How Can an Engine Produce More Horsepower? Part I The Basics

Word Count:

A "basics" series of articles that deal with how to produce more horsepower from your engine. It is not an all inclusive article but just the basics. Part I is the theoretical part, continued with the Intake, Exhaust, and Engine Electrical system.

autos, automotive, cars, performance, import, domestic, JDM, trucks, combustion, engine, horsepower, cylinders, fuel, oxygen, intake, exhuast, headers, manifold, filters, turbo, kits

Article Body:
So you have a lead foot (and the tickets to show for it). You want to put the pedal down and have a little more power to the pavement (dont we all). Then lets talk about the basics of how your engine produces power, no matter if it is a 4 cylinder rice burner or a mammoth V-8 brimming out of your hood. Lets start with the basics. As a Crew Chief in the United States Air Force, jet engine combustion was always taught in the simplest of terms: <strong> Suck, Squeeze, Bang, Blow. </strong> Yes it sounds like a sultry movie you would watch at a pay by hour motel, but it will all make sense in a second.

Lets start with the first part of our friendly Department of Defense taught equation. Literally your engine sucksoxygen. Now follow me on this one Homer, the air from the outside travels through an intake tube to a manifold all the way into the cylinder chamber. So why do we need more oxygen? Good Question. We need the maximum amount of ambient air to fill each cylinder chamber (no matter if you have 4 or 10 of them) on the down stroke of a combustion cycle with one of the magical ingredients that produce horsepower: you guessed it, <strong> oxygen </strong>. Why? Keep reading.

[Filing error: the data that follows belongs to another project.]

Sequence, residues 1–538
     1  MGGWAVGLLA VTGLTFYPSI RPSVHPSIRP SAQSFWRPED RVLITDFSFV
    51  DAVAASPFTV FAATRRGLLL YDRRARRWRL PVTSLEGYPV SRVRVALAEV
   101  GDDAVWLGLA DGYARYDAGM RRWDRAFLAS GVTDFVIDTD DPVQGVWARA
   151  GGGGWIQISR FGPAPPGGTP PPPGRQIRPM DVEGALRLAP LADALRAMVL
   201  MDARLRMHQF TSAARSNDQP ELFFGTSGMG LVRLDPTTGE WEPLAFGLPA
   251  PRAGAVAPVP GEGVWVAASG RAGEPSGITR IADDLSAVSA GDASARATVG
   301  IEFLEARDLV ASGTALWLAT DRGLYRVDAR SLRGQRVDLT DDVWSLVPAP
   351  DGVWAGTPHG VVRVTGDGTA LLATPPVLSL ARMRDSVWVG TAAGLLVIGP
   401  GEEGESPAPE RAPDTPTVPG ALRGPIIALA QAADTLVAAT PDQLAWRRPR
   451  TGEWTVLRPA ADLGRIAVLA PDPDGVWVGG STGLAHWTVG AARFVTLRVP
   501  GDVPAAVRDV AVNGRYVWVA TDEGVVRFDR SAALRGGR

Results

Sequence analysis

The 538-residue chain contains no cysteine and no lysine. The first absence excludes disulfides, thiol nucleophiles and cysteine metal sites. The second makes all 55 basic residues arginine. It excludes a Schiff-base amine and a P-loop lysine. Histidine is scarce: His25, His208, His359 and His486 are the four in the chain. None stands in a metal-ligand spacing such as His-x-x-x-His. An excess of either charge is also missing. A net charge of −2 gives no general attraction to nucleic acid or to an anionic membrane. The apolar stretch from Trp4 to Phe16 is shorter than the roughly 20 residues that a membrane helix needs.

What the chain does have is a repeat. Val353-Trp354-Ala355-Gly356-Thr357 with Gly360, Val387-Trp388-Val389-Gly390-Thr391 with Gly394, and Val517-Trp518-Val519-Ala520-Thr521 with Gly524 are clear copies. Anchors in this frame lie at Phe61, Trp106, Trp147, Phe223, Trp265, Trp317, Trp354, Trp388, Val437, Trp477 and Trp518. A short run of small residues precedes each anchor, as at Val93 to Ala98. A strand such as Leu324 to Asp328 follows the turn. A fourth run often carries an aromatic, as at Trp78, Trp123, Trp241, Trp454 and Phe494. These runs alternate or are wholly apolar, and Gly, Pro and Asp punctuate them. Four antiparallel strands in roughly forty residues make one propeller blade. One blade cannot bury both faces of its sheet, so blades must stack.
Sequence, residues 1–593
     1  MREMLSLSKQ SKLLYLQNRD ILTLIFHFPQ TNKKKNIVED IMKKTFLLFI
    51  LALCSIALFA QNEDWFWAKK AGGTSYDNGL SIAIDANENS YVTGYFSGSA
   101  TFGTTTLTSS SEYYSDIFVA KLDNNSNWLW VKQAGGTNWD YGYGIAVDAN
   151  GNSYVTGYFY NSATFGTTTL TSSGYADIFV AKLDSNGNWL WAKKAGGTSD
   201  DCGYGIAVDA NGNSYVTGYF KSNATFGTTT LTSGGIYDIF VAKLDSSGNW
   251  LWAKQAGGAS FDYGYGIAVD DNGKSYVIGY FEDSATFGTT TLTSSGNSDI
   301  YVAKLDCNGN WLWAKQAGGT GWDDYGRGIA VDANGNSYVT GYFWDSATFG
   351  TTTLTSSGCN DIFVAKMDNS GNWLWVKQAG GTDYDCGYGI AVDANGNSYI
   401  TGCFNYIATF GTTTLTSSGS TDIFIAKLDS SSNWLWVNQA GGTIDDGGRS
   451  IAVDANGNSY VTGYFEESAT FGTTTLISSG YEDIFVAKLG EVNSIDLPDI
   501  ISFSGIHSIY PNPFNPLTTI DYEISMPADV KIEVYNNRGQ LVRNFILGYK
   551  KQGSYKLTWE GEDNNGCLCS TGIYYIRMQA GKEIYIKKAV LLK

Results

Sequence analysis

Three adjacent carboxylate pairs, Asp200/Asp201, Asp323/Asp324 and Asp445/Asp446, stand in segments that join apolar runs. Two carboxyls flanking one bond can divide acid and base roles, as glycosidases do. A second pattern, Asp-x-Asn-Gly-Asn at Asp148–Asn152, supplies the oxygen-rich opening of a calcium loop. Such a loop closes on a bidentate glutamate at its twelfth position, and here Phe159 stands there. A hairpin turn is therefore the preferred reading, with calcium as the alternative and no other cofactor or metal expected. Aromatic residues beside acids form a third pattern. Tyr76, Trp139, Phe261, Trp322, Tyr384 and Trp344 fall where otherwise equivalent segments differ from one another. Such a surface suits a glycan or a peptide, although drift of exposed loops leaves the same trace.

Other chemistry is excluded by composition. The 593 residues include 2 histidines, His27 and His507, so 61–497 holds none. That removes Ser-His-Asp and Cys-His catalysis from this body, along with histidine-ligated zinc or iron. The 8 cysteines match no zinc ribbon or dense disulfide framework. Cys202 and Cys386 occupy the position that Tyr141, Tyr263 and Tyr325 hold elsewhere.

At this point after our suck part of the equation is complete, we move on too the squeeze part. The valve that allowed the air to enter the cylinder chamber closes and the cylinder moves upwards and squeezes the air that was sucked in, at the same time fuel is introduced to the chamber at this point. Now if you where a Boy Scout or had gone through Combat Survival like I did, then you know you need three things to make fire. <strong> Air (oxygen), Fuel (gasoline), and Ignition (sparkplugs, more on these later). </strong> Now we are condensing the air and the fuel, making a nice packed (and denser) concoction for a nice fire, well really an explosion. How? Keep reading.

I like fireworks, and that is what you have for the third part of our equation, bang. Now we are cooking, with that oxygen and fuel all compressed and ready to explode. Remember I told you about the ignition, you know the sparkplugs. These little puppies produce a high intensity spark that are going to ignite that condensed concoction we have been talking about. Bang, ignition, an explosion happens and this is really where the horsepower happens. Why? Well at this point the cylinder is pushed down at X amount of force. That X amount of force is dependant on a lot of factors, which when you get right down to it is where horsepower is made. How? Because that little explosion pushes the cylinder down, in turn will push one of your other cylinders up and then that little explosion happens again. Its a tough vicious cycle, rotating continuously, producing what is better known as horsepower. Lets move on.

So we have sucked, squeezed, banged and now we need to blow (youre a pervert). The exhaust valve opens up and lets out the carbon dioxide that are left over after our little explosion inside the combustion chamber. Now this little cycle, which happens in milliseconds, is reproduced thousands of times a minute. You know your tachometer, RPM (revolutions per minutes), that is about how many times this cycle of combustion happens in one minute.

There you go this is the very basics of how an engine produces power.

If this is still a little confusing to you, well try to envision it as much as possible. Now on the next article we will talk about how we can improve this combustion cycle to produce the best possible combustion which in turn produces more horsepower from your engine.

Check out: How Can an Engine Produce More Horsepower? Part II The Intake

Monza Blog - Corvette, Corvair, Chevrolet, Performance